THEATER REVIEW | ‘THE AGONY AND THE ECSTASY OF STEVE JOBS’
Published: October 17, 2011
I hate to tell you this, but your best friend has a dark secret in his past, the kind of shameful history that might just have you looking at him (or her?) a little sheepishly, with a furtive, sidelong glance instead of the former adoring gaze.
I speak not of a human being, mind you, the walking and talking kind of best friend, but of your cherished electronic companion, that stylish helpmate, warm intimate and source of delightful entertainment known as an iPhone. As I look at mine this morning, I can’t help feeling a bit guilty, and a bit betrayed. I fear some of the magic has gone out of our relationship.
This seismic shift in my consciousness came about thanks to Mike Daisey, whose latest theatrical monologue, “The Agony and the Ecstasy of Steve Jobs,” is a mind-clouding, eye-opening exploration of the moral choices we unknowingly or unthinkingly make when we purchase nifty little gadgets like the iPhone and the iPad and the PowerBook.
To be fair, while Mr. Daisey’s particular obsession is the product line of the Apple corporation, the ethical problems he explores are not exclusive to owners of MacBooks and iPods. As he points out in this meditation on our wonderful world of technology and the troubling economic imbalances that underlie it, any number of other electronic gizmos filling up our homes and taking up our time are similarly morally tainted goods.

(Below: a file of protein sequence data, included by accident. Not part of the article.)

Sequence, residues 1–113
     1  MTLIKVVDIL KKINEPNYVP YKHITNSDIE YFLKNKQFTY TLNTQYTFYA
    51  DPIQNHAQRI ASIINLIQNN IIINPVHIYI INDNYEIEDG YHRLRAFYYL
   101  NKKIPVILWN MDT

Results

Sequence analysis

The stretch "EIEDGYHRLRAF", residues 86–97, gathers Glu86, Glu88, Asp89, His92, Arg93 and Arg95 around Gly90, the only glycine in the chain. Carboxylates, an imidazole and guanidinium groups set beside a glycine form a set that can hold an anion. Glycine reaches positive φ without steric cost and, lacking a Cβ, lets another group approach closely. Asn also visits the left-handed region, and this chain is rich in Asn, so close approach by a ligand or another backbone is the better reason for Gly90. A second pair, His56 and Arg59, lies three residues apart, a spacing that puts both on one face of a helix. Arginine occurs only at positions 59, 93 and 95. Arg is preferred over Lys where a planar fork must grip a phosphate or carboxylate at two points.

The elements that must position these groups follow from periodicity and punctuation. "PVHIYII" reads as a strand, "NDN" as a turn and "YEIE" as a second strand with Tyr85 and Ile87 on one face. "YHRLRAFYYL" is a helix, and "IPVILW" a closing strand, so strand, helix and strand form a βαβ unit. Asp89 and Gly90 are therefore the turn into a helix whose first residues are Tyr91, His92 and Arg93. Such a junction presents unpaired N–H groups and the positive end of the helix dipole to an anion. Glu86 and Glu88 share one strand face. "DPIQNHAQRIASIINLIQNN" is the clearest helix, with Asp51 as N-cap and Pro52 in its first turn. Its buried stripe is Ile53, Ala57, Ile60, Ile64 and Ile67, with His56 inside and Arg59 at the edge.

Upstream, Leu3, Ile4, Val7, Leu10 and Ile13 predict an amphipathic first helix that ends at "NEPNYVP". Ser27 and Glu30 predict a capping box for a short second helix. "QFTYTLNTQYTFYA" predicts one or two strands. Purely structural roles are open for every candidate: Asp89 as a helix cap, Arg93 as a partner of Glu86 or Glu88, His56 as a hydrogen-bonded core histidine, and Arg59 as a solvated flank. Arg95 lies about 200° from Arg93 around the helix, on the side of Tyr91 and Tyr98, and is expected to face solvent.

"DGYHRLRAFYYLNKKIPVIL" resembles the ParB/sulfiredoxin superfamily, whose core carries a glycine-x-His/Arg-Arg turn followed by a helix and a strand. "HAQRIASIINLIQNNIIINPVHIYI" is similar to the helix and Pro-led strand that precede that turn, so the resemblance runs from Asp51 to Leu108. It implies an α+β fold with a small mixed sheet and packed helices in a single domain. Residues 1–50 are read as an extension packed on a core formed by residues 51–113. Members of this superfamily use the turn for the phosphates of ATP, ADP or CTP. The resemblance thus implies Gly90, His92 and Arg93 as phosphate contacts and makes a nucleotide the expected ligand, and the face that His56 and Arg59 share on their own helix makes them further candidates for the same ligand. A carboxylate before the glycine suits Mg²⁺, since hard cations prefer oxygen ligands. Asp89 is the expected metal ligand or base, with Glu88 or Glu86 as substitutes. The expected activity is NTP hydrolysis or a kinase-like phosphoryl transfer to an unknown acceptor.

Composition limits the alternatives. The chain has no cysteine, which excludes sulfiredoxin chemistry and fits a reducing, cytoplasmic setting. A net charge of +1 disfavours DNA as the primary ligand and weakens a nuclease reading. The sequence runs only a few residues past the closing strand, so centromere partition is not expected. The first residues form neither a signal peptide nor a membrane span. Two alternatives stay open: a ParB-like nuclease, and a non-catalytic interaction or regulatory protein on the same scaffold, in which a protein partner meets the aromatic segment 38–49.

About half of all consumer electronics sold in the world today are produced at a single mammoth factory campus in Shenzhen, China, according to Mr. Daisey. His illuminating trip to this campus, the sprawling Foxconn Technology plant, forms the dramatic spine of his smart, pointed and often very funny exploration of the rise of Apple and the career and vision of Mr. Jobs, who died this month after a long battle with cancer.
Mr. Daisey has been creating monologues on various subjects — “How Theater Failed America“ and “21 Dog Years” are among his best-known — for more than a decade. His methods are simple. Here he sits, behind a glass-topped table with just a few pages of notes and a glass of water before him, looking like a big boy who never lost all his baby fat. (Or maybe any of it.) His performance style mixes the quiet reflectiveness of Spalding Gray with more histrionic colorings.
In relating his giddy relationship with his Apple products, and impersonating fellow obsessives, Mr. Daisey transforms into a cackling mad scientist of creaky thrillers, and at his most fervid he recalls the jabbering, slightly unhinged aspect of the comic Lewis Black of “The Daily Show With Jon Stewart.” When it comes to discussing the sobering discoveries he made at Foxconn, which employs some 430,000 people in its compound in Shenzhen, Mr. Daisey speaks more gravely and with a charged intensity.
“The Agony and the Ecstasy of Steve Jobs,” which opened on Monday night at the Public Theater in a production directed by Mr. Daisey’s frequent collaborator (and wife) Jean-Michele Gregory, is pretty equally divided between the two heated emotional states of the title. Most of the ecstasy derives from Mr. Daisey’s misty-eyed recounting of his own highly charged relationship with Apple products, which dates back to an early model of an Apple computer that was given to the family by a wealthy uncle, and that was treated with such deference and awe that it was provided its own room.